What Should You Feed a Toddler?
Toddler Nutrition (ages 1-3 years)
The toddler phase is often challenging when it comes to feeding. Several developmental changes occur at this time.
- Toddlers are striving for independence and control
- Growth rate slows and with it comes a decrease in appetite.
It is important for parents to provide structure and set limits for the toddler to set the foundation for mealtime success in the future. A toddler can want control at meal times. As a caregiver, you are responsible for the type of food your child is offered and where and when it is presented. The child is then responsible for what and how much food he or she eats. This is called “You provide, Kids decide”.
Provide a safe, quiet, pleasant, and distraction-free environment (no television or phones). Eat meals as a family as often as possible and talk to your child about their day. Do not draw attention to which foods your child chooses, or how much they eat. This will help to avoid struggles and control issues at mealtimes.
The following are suggestions to help encourage your child’s success at mealtimes.
Prior to Meals
- Help toddlers wash their hands before meals and snacks.
- Involve the child in food shopping and food preparation. The toddler may wash vegetables, wipe the table, or tear lettuce.
- Serve meals and snacks (or 6 small meals) at consistent times of the day, with enough time for the child to become hungry between feedings. Toddlers feel most comfortable with routines.
- Plan a few minutes of quiet time before each meal. A tired or excited child may not be interested in eating.
- Seat the child at a table for both meals and snacks and discourage eating while walking or playing. Make sure the seat is at the proper height for the child's feet to be supported and comfortable. The table should be at the level of the child’s waist
- Use child-sized plates, cups and utensils.
- Ignore spills and dropped food until after mealtime. Toddlers often make a mess while eating and learning about food.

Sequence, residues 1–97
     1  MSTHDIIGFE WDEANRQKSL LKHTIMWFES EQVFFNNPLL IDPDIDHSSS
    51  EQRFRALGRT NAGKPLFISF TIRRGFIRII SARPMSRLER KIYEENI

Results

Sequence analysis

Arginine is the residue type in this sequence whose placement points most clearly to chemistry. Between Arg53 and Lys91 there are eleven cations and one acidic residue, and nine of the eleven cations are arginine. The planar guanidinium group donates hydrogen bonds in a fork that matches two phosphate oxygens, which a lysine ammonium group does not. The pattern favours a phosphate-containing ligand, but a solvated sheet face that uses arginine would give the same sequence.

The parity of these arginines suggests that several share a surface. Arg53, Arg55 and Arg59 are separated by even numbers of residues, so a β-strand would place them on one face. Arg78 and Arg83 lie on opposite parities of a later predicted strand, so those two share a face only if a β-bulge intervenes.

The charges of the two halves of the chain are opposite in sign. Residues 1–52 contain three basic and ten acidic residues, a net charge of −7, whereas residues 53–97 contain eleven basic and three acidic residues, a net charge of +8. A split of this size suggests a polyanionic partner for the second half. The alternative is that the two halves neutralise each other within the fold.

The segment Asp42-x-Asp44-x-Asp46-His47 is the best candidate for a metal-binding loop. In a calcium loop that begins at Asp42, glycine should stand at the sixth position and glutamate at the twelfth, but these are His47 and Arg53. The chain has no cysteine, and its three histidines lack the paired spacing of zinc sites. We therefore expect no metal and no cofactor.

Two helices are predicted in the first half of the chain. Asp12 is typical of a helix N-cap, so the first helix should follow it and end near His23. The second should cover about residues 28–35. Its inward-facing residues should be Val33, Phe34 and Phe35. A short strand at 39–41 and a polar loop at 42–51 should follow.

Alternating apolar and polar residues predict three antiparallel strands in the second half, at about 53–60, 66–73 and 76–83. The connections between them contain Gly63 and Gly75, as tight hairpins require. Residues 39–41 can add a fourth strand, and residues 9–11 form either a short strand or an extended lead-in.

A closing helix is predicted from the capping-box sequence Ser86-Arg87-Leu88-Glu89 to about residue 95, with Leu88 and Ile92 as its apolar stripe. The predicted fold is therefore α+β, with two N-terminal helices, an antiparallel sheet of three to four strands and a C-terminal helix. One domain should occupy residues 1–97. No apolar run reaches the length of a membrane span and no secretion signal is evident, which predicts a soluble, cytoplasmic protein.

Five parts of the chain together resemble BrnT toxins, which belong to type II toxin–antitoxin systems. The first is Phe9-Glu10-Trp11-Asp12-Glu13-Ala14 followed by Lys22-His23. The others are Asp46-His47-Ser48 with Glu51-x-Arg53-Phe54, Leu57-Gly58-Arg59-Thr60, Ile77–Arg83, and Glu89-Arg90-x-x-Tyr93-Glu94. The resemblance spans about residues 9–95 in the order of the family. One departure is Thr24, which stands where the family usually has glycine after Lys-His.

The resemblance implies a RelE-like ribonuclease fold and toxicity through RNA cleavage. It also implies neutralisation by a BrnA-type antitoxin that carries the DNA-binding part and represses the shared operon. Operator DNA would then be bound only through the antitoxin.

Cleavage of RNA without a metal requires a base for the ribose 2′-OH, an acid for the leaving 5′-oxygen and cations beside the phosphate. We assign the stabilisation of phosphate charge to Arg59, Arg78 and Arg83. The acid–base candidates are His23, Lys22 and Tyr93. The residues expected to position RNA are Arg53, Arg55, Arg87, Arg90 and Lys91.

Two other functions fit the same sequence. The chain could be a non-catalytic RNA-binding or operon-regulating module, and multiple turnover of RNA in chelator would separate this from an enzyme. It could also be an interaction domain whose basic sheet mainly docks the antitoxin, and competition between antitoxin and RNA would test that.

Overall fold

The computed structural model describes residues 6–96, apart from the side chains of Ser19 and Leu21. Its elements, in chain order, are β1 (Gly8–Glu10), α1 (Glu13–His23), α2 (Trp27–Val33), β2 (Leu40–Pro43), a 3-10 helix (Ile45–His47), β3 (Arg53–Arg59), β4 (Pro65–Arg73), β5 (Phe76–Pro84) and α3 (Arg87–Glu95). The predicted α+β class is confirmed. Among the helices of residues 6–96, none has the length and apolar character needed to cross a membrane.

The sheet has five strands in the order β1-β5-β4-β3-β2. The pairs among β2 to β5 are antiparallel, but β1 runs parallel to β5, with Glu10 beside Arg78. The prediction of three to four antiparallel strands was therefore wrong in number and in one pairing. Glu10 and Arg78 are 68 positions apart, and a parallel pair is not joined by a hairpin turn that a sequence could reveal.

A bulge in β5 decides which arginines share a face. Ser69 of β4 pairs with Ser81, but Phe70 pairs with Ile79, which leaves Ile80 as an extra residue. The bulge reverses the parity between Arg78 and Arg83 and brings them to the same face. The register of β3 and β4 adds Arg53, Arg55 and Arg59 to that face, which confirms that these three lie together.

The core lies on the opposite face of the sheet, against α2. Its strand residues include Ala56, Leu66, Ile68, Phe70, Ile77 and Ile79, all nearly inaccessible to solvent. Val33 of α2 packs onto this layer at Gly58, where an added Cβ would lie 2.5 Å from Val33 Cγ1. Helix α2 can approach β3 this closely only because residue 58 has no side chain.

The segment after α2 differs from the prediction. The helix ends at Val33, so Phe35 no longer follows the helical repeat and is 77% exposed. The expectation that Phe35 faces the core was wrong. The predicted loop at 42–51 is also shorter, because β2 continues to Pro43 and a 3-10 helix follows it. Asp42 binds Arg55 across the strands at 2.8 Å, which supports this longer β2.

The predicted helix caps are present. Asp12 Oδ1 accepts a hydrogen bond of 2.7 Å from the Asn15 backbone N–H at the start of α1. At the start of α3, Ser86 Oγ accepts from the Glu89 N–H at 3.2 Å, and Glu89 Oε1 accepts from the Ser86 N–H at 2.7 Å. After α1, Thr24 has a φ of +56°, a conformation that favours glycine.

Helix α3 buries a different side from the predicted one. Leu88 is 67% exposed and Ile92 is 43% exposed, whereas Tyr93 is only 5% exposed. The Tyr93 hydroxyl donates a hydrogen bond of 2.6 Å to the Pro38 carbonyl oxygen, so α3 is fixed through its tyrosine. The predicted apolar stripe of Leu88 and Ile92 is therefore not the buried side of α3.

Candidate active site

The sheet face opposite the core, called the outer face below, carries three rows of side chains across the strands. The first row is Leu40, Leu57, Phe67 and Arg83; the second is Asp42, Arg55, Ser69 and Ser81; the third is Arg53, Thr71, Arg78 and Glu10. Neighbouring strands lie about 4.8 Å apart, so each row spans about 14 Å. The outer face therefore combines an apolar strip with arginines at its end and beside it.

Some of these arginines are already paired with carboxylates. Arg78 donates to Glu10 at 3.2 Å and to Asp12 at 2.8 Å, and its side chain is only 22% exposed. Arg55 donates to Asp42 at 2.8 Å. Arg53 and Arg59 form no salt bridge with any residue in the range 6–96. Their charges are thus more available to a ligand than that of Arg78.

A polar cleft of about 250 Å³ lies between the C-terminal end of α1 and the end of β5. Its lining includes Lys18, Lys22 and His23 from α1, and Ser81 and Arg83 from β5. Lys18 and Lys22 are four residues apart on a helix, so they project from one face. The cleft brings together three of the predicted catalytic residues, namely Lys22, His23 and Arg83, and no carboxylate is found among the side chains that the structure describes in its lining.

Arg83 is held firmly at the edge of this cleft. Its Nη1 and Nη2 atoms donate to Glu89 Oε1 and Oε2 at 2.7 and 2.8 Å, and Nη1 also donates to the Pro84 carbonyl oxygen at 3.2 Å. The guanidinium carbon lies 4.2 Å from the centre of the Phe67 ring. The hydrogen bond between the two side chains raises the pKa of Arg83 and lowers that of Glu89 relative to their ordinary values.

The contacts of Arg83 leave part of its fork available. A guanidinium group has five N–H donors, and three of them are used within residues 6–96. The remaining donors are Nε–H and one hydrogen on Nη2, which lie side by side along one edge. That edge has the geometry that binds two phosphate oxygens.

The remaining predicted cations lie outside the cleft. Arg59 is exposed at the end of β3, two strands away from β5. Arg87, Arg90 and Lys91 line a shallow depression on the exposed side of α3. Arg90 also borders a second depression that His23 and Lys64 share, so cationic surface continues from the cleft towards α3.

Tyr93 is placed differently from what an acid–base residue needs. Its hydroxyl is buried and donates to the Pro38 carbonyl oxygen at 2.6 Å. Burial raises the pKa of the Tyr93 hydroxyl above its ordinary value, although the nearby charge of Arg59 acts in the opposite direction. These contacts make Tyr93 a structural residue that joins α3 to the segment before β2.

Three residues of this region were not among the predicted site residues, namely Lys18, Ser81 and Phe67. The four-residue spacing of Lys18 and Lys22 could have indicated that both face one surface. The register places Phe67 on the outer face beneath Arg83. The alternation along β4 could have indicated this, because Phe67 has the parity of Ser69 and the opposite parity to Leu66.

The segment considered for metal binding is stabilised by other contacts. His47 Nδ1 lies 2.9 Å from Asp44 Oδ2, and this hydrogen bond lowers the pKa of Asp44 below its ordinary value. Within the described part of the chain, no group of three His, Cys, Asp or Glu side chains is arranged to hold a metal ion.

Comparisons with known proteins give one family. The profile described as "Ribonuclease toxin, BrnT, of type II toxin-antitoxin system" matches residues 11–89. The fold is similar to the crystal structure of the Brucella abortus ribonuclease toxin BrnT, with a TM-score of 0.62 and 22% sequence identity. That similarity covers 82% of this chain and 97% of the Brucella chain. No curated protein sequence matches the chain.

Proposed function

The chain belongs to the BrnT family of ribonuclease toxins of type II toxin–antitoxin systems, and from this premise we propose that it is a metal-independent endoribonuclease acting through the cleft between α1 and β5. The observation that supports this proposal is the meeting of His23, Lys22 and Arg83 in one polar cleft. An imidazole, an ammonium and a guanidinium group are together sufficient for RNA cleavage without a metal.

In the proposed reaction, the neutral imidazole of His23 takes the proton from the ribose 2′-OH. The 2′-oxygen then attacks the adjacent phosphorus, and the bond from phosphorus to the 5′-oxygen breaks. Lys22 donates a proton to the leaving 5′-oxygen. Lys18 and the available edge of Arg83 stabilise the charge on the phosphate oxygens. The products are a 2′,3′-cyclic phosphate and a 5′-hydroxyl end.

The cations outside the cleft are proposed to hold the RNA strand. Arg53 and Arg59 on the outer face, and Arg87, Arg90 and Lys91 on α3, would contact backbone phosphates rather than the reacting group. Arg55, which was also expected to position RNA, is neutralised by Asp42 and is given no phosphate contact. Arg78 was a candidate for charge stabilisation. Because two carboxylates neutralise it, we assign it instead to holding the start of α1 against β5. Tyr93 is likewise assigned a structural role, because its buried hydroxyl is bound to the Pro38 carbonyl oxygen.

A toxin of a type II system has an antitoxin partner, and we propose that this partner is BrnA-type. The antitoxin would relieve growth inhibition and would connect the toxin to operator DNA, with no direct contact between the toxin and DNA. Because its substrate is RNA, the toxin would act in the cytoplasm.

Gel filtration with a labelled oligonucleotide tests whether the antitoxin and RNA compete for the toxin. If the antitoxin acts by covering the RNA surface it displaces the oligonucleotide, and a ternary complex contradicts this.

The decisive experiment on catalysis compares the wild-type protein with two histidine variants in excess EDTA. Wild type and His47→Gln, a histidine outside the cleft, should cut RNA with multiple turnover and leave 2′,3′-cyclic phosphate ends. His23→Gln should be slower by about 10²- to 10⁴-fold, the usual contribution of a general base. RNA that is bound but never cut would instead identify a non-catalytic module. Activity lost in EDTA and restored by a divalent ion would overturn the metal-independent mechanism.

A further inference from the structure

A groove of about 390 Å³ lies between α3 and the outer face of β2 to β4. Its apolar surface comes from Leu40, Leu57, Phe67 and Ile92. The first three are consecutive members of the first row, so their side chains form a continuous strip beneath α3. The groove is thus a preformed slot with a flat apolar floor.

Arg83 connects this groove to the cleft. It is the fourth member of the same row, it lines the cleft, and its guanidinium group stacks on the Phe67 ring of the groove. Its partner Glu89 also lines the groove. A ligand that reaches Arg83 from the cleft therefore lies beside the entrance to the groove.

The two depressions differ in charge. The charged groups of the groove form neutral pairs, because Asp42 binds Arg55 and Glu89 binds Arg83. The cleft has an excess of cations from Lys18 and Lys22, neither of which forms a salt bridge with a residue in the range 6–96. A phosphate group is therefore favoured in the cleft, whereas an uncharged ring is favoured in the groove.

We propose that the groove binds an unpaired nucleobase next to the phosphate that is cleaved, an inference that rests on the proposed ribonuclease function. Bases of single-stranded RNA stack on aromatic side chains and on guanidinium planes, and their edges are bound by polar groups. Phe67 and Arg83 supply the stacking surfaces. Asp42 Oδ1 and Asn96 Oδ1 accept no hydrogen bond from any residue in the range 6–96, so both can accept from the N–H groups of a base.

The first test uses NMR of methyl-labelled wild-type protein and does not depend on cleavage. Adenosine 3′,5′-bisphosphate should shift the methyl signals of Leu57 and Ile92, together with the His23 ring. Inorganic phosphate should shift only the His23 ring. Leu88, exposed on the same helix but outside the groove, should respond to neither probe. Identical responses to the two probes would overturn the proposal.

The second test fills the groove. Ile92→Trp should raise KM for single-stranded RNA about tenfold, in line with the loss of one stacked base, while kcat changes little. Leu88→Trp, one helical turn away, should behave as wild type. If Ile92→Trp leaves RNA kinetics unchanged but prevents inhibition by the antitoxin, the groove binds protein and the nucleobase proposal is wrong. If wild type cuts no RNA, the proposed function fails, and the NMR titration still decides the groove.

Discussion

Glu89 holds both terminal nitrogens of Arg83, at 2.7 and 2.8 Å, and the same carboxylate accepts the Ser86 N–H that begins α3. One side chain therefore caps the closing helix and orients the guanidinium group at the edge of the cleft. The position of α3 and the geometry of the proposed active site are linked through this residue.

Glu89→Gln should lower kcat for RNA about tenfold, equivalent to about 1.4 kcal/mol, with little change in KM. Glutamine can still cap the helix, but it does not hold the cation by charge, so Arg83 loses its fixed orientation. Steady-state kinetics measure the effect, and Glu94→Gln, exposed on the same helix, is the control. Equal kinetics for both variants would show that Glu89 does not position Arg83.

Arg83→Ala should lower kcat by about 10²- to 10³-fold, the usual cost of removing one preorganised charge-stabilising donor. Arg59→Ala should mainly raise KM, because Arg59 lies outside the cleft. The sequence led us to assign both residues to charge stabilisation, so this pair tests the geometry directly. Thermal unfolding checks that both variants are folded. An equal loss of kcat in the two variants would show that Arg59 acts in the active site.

- Model healthful eating habits. Remember, most toddlers follow their caregiver's examples. Teaching healthy eating habits can be demonstrated as part of the family mealtime.
- Encourage your child to try at least one bite of a new food. It may take several introductions of the food before the child will pick it up and try it. It is best not to trick, bribe, or force a child into trying a new food.
- Present desserts and sweets as the usual last course of the mealtime. Do not use desserts and sweets as a reward for finishing a meal.
- Check temperature of food before serving to make sure it is not too hot
- Continue encouraging finger feeding by serving foods such as soft meat, steamed vegetables, bread, and cheese, or in strips directly off a tray or large plate.
- Provide a mix of favorite foods, along with a small amount of new or previously disliked foods. If the toddler refuses a food, reintroduce it after several days or weeks, because a child’s preference and appetite often changes. Toddlers sometimes do not like foods to be combined or arranged together and will disassemble sandwiches.
- When your child stops eating or begins to play with food, this is usually a sign that they are finished eating.
General Feeding Tips
- A toddler’s appetite is rarely the same day-to-day, and can vary greatly daily or every few days. It is best to look at what they eat over the course of a week.
- Avoid ‘sugary’ beverages including soda, juice, lemonade and Kool-Aid®.
- To prevent a child from filling up on fluids, provide fluids (especially milk) towards the end of the meal.
- Always supervise the child during meals and snacks. Eating in the car is not recommended due to the risk of choking.
To Help Prevent Choking
- Slowly add more difficult-to-chew foods.
- Avoid foods that are hard to chew and / or swallow such as nuts, raw carrots, gum drops, jelly beans, hard candy and large amounts of peanut butter.
- Modify high-risk foods: cut hot dogs and link sausage in quarters, cut grapes in quarters and cook carrots until soft.
- A child who is choking may not be able to make noise or attract attention. Always supervise your child when he / she is eating.
- Keep your child seated while eating.
Healthy Food Choices
Myplate is a guideline to help you and your child eat a healthy diet. Myplate (www.choosemyplate.gov) can help you and your child eat a variety of foods.